az loginaz vm image terms accept --publisher vmware-inc --offer tkg-capi --plan k8s-1dot20dot4-ubuntu-2004 --subscription
Deploying a Management Cluster using the UI

From your terminal, run the following command:

tanzu management-cluster create --ui

tanzu management-cluster create --ui Continue reading Deploying Tanzu Kubernetes Grid Management Cluster to Microsoft Azure

Folding@Home Header

Deploying the VMware Appliance for [email protected] using Terraform

To simplify the deployment of [email protected] appliances to vSphere environments, I have wrote a set of Terraform configuration files (script).

You will need two packages downloaded to your jump host.

And either download locally the VMware [email protected] Appliance, or host it at remote location.

Use the git software to download my Terraform Git folder which contains the folder called Deploy-FAH.

git clone https://github.com/saintdle/Terraform.git

Move into the “Deploy-FAH” folder, and edit the terraform.tfvars file as needed;

cd Deploy-FAH
vi terraform.tfvars

Below is an example;

// Name of the vSphere server. E.g "vcsa.vmware.local"
vsphere_server = "vcenter.veducate.local"

// User on the vSphere server. E.g "administrator@vsphere.local"
vsphere_user = "administrator@vsphere.local"

// Password of the user on the vSphere server. E.g "password"
vsphere_password = "Password1234!"

// Name of the vSphere data center. E.g "datacenter"
vsphere_datacenter = "Datacenter"

// Name of the vSphere cluster. E.g "Cluster"
vsphere_cluster = "Cluster"

// Name or IP of the vSphere host in the cluster to deploy your VM to. E.g "esxi-01" or "192.168.1.20"
vsphere_host = "10.10.2.4"

// Name of the vSphere data store to use for the VMs. E.g "VSAN"
vsphere_datastore = "Datastore"

// Network to connect virtual machine
vm_network = "Freale_NW1"

// Number of instances to deploy
instance_count = 2

// VM Machine Name (an index will be appended i.e FAH-1, FAH-2,)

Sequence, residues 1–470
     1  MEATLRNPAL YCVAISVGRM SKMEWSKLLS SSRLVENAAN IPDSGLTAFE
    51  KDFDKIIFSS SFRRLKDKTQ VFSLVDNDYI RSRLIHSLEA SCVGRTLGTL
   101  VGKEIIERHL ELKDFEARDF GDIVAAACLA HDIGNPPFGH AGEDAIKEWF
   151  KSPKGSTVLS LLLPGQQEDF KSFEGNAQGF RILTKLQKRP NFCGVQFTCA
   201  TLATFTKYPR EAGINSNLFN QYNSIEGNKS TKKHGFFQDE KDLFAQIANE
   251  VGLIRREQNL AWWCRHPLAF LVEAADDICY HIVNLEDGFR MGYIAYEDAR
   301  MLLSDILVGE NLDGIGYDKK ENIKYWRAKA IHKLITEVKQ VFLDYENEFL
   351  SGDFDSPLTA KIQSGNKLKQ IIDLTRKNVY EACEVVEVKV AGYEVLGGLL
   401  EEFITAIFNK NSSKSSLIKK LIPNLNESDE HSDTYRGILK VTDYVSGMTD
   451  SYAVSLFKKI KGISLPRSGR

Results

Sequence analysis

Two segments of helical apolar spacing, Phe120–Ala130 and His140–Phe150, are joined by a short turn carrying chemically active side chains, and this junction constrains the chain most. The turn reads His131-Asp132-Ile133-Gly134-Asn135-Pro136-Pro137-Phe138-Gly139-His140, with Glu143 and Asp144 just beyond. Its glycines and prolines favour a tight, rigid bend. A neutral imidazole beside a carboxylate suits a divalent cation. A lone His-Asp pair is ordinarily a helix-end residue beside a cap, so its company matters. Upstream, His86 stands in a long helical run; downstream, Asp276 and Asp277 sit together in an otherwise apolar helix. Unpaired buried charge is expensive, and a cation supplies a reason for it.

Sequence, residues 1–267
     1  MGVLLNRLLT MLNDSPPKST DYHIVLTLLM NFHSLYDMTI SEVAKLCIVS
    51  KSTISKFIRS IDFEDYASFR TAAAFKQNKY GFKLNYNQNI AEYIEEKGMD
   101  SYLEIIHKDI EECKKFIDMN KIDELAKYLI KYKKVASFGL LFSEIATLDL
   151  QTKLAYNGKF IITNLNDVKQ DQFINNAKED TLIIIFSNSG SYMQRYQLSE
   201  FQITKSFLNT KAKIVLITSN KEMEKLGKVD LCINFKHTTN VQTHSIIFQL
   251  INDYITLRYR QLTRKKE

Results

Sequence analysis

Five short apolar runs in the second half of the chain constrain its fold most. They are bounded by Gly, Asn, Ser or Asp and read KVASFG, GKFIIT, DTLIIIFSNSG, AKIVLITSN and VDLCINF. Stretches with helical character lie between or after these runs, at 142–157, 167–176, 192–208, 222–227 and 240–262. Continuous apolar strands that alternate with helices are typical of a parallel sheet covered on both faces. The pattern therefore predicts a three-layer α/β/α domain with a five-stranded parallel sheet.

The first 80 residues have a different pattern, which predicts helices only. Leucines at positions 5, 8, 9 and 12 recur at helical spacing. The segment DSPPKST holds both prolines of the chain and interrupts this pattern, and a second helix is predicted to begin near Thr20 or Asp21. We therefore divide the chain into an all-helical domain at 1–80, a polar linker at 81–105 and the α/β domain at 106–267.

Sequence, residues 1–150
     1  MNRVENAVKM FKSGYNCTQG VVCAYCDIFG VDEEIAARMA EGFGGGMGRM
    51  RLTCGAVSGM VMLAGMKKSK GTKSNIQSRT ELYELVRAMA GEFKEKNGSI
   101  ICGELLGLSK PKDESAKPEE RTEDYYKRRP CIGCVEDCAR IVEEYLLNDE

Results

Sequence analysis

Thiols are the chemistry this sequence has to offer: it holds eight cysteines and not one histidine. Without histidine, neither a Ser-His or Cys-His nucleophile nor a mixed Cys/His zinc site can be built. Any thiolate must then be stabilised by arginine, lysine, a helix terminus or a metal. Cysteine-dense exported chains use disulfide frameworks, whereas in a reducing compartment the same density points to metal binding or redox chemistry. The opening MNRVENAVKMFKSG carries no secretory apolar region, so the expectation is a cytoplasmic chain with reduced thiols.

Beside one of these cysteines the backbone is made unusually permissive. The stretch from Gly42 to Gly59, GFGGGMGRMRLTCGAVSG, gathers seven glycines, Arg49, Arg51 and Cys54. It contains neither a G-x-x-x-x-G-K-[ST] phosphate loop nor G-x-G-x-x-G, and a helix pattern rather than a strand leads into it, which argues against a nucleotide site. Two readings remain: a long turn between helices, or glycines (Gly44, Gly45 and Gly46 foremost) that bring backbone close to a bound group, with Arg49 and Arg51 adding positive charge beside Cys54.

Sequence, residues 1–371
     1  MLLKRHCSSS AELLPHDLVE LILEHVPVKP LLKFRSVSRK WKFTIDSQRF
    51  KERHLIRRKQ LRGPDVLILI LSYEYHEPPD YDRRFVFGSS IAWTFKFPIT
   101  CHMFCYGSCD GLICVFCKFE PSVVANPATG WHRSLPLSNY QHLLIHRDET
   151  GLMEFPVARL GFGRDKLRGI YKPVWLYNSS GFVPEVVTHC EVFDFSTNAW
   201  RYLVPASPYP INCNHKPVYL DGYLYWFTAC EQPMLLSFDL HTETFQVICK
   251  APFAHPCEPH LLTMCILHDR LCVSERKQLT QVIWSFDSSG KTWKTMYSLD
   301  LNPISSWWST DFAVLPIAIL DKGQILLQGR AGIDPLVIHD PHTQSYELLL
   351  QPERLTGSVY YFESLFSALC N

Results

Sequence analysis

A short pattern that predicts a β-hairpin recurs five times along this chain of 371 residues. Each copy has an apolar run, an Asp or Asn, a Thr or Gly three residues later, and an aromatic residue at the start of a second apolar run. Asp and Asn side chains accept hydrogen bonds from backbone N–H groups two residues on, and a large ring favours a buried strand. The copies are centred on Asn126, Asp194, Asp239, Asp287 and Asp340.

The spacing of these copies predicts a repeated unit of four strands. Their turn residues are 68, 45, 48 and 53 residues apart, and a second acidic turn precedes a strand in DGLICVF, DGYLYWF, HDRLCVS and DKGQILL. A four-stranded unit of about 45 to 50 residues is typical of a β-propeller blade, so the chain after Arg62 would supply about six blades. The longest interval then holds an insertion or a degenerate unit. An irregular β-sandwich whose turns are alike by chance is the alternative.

vm_name = "dean-test"

// Number of CPUs to set on deployed Virtual Machines
num_cpu = 2

// Memory to set on deployed Virtual Machines (in MB)
memory = 4096

// Name of vSphere Resouce Pool to be created. E.g "FAH-VMs"
vsphere_resource_pool = "dean-test"

// Name of VM folder to be created. E.g "FAH-VMs"
vsphere_vm_folder = "dean-test"

// Location of OVA file if using a local location - if using remote location, leave this as null
local_ovf_path = "/home/dean/Deploy-FAH-3/VMware-Appliance-FaH_1.0.4.ova"

// Location of OVA file if using a remote location - if using local location, leave this as null
remote_ovf_path =

// Enable SSH in FAH Appliance (True or False)
ssh_enable = "True"

// FAH appliance root password
root_password = "VMware1!"

// FAH Username you wish to be associated with in the statistics tables
fah_user = ""

// FAH Team you wish to be associated with in the statistics tables
fah_team = "52737"

// FAH Passkey to verify your user in the statistical tables (this is optional from FAH project)
fah_passkey = "unique_id"

That’s it, no more changes needed, it’s as simple as running the following to deploy your appliances;

#This will download the terraform providers as needed

terraform init

#This will show you the planned changes and make sure they are possible

terraform plan

#This will run the configuration to run the deployment

terraform apply

You can use the latest version of Terraform, version 0.13.5 as of the publishing of this post.

Quick notes

This terraform configuration uses some advance configuration in the folder “FAH-Appliance”, under the main.tf file. Here it reads the “remote_ovf_path” variable, and acts based on if it is null or not. If there is a variable set, then it runs the command to deploy from a remote location. If variable is null, then it looks to the “local_ovf_path”, and processes this to deploy an OVF/OVA from the local location.

  dynamic "ovf_deploy" {
  for_each = "${var.local_ovf_path}" != "" || "${var.remote_ovf_path}" != "" ? [0] : []
  content {
  // Path to local or remote ovf/ova file
  local_ovf_path = "${var.local_ovf_path}" != "" ? "${var.local_ovf_path}" : null
  remote_ovf_url = "${var.remote_ovf_path}" != "" ? "${var.remote_ovf_path}" : null
   disk_provisioning    = "thin"
   ovf_network_map = {
        "VM Network" = data.vsphere_network.network.id
    }
   }
  }

Thanks to Grant Orchard from HashiCorp helping me with this part of the config.

Interesting in where you can take this further, check out this post from Robert Jenson, using VMware CodeStream for an Infrastructure as Code deployment using GitHub as a source repository, and terraform for the deployment.

Regards